Wednesday, November 19, 2014

Visiting grandparents: three picture books to share (ages 3-8)

As the holidays approach, many children are excited about visiting grandparents. I wanted to share three different picture books that show different small moments as children spend time with their grandparents.
Hot Hot Roti for Dada-Ji
by F. Zia
illustrated by Ken Min
Lee and Low, 2011
Your local library
ages 5-8
Young Aneel’s grandfather Dada-ji has great fun telling how he got “the power of a tiger” when he was a boy by eating the best roti in town. Aneel is so excited that he races to the kitchen to make this Indian flatbread.

Kids love the way that Dad-ji exaggerates the story from his childhood. Zia's writes with verve and gusto. She is "a writer and an elementary school teacher who grew up in Hyderabad, India." As Aneel starts gathering ingredients to make his roti, the fun really begins. Kids can relate to how food brings people together and will love the way Aneel takes charge.
Max and the Tag-Along Moon
by Floyd Cooper
Philomel / Penguin, 2013
Your local library
ages 4-7
Saying goodbye can be particularly hard for young kids. When young Max must say goodbye to his grandpa, the young boy points to the full moon shining above. Grandpa promises him that “that ol’ moon will always shine for you...on and on!”

As Max drives home, he keeps watch of that same moon and is reassured by its presence. This quiet warm book glows softly with the love between African American grandfather and grandson. It's a wonderful read-aloud that helps talk about how the people we love stay with us in our hearts long after we have to say goodbye.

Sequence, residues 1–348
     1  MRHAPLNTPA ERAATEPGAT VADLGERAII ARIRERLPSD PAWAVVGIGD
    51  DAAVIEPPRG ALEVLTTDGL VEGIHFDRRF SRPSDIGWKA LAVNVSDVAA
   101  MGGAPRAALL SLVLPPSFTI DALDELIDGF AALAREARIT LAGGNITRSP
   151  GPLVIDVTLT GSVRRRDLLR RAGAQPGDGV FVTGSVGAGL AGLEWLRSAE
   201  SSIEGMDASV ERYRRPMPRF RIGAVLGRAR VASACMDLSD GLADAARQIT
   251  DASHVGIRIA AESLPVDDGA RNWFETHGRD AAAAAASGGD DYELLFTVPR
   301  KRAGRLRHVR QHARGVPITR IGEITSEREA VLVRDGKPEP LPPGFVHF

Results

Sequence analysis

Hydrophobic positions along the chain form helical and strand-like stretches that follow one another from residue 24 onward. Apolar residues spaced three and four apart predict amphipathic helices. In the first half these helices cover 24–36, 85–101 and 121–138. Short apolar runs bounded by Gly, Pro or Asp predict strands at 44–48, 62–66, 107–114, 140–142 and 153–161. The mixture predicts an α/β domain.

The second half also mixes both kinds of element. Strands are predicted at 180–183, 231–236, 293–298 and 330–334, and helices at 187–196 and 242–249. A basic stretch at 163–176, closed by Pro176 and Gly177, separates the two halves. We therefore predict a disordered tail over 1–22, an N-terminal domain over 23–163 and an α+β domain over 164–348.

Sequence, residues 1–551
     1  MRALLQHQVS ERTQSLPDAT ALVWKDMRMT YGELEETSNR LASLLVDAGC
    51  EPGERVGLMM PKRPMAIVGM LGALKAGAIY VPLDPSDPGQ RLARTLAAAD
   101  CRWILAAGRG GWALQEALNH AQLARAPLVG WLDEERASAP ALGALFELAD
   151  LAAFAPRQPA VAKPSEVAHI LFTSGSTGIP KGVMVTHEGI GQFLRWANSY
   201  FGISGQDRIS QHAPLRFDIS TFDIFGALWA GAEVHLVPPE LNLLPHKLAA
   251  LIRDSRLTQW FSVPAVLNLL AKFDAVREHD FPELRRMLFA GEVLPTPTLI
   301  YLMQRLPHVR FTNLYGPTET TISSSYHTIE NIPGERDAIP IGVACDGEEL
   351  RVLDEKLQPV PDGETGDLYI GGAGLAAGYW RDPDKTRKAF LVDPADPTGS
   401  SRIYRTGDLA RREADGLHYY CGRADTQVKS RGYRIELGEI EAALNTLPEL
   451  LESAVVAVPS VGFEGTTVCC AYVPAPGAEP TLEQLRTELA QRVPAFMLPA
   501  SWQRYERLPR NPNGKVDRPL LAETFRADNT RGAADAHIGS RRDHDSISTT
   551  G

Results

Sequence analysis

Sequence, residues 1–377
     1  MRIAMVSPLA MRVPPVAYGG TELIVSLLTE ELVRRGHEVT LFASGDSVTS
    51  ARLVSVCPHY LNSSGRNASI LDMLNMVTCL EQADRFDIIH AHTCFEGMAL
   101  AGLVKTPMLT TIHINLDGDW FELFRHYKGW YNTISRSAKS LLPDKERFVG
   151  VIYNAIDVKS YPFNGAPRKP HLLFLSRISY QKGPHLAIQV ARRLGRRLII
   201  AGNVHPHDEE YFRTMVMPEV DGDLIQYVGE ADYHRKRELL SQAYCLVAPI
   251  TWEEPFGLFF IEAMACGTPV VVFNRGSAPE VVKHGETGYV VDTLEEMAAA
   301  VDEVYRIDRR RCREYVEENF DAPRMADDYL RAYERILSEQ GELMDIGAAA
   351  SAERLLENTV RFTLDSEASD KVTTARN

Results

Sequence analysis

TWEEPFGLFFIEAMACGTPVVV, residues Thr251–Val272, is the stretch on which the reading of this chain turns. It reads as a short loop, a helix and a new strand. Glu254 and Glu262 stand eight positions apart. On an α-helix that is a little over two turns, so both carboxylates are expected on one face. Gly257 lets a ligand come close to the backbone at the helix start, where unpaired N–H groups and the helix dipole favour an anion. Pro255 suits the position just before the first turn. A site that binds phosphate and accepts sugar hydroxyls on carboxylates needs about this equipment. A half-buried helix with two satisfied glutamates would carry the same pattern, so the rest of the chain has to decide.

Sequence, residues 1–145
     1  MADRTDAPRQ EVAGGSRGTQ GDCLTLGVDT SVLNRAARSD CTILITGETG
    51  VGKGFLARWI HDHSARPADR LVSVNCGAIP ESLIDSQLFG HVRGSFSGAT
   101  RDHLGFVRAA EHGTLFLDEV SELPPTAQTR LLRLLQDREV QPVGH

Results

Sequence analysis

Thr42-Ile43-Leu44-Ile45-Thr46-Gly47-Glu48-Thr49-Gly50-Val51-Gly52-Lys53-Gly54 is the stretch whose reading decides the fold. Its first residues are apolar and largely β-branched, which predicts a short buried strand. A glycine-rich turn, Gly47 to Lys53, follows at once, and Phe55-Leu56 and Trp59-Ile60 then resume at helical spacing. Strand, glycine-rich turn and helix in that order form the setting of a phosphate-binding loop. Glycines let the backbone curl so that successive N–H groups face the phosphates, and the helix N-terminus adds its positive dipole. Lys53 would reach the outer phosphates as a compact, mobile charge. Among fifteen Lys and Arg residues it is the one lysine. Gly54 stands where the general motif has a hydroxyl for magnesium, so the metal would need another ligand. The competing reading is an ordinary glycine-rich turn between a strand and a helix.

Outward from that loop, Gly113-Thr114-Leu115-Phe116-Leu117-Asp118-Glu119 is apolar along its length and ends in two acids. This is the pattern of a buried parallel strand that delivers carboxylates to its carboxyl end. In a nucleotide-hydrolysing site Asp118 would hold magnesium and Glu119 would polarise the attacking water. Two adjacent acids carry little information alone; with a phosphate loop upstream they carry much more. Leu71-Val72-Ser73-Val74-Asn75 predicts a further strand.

Nana in the City
by Lauren Castillo
Clarion / Houghton Mifflin Harcourt, 2014
Your local library
ages 3-6
What do we do when our children are afraid? You'd never know it by looking at the cover, but this young boy is scared by all the noises and commotion in the bustling city. He's excited to see his Nana and her new apartment, but oh how the city noises are just too much.

I love how this wonderful Nana listens, understands and helps the young boy overcome his fears. She never dismisses his fears, but she shows him how he can be brave and she'll be right there with him. I also love how Castillo shows a grandmother who lives in the city and loves exploring. Below you can see how the little boy slowly changes his mind, with his Nana right by his side:
"But Nana was right. The city was not filled with scary things..."
Do you have a favorite book that reminds your children of times they spend with their grandparents? Or maybe after the holidays, you and your child could write a story together about a day they spent with their grandparents.

The review copies were kindly sent by the publishers, Lee & Low, Penguin and Clarion. If you make a purchase using the Amazon links on this site, a small portion goes to Great Kid Books. Thank you for your support.

©2014 Mary Ann Scheuer, Great Kid Books

1 comment:

  1. Fantastic. These look good, the covers are catchy and that is a deal breaker or maker for some. I have found a gem, Whiny Whiny Rhino by McBoop. Site is My son takes it to school for show and tell weekly, I am sure his teacher has heard it enough to recite it. But as long as they are reading, that's what's important!